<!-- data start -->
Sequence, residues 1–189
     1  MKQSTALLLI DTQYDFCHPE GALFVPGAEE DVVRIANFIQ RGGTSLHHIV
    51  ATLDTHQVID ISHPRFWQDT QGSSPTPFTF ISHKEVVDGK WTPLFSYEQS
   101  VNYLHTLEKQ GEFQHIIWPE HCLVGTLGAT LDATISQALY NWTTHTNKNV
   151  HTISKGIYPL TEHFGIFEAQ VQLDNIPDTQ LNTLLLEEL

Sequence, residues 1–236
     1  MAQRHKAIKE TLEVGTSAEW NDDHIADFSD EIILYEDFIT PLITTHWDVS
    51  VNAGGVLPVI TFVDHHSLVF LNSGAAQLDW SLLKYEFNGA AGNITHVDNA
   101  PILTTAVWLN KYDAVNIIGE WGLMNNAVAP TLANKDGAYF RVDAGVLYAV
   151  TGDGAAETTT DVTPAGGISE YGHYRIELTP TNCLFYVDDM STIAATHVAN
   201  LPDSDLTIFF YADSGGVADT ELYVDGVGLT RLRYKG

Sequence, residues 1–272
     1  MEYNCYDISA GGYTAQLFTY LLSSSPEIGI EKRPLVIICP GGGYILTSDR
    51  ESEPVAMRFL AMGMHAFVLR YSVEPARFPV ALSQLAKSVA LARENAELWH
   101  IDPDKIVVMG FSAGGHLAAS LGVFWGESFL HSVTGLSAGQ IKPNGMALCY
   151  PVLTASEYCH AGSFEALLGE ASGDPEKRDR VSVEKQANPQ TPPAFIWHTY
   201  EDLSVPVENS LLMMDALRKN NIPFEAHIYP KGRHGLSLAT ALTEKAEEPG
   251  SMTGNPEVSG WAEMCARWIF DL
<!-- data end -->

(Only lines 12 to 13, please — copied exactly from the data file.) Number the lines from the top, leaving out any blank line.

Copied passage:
Sequence, residues 1–272
     1  MEYNCYDISA GGYTAQLFTY LLSSSPEIGI EKRPLVIICP GGGYILTSDR